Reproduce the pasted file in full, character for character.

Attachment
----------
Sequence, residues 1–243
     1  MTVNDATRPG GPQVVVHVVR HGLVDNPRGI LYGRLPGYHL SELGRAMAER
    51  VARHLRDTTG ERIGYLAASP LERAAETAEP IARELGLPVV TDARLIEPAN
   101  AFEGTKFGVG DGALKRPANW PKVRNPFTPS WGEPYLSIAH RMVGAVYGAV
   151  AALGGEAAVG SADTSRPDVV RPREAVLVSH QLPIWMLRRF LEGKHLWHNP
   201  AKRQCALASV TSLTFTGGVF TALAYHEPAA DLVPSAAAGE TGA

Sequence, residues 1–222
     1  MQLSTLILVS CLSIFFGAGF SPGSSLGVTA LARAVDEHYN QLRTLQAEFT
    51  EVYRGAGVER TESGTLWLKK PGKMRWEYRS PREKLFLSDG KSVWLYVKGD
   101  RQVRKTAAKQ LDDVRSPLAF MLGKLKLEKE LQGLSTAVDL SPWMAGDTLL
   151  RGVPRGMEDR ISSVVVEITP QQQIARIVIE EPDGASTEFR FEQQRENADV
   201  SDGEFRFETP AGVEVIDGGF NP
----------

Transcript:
Sequence, residues 1–243
     1  MTVNDATRPG GPQVVVHVVR HGLVDNPRGI LYGRLPGYHL SELGRAMAER
    51  VARHLRDTTG ERIGYLAASP LERAAETAEP IARELGLPVV TDARLIEPAN
   101  AFEGTKFGVG DGALKRPANW PKVRNPFTPS WGEPYLSIAH RMVGAVYGAV
   151  AALGGEAAVG SADTSRPDVV RPREAVLVSH QLPIWMLRRF LEGKHLWHNP
   201  AKRQCALASV TSLTFTGGVF TALAYHEPAA DLVPSAAAGE TGA

Sequence, residues 1–222
     1  MQLSTLILVS CLSIFFGAGF SPGSSLGVTA LARAVDEHYN QLRTLQAEFT
    51  EVYRGAGVER TESGTLWLKK PGKMRWEYRS PREKLFLSDG KSVWLYVKGD
   101  RQVRKTAAKQ LDDVRSPLAF MLGKLKLEKE LQGLSTAVDL SPWMAGDTLL
   151  RGVPRGMEDR ISSVVVEITP QQQIARIVIE EPDGASTEFR FEQQRENADV
   201  SDGEFRFETP AGVEVIDGGF NP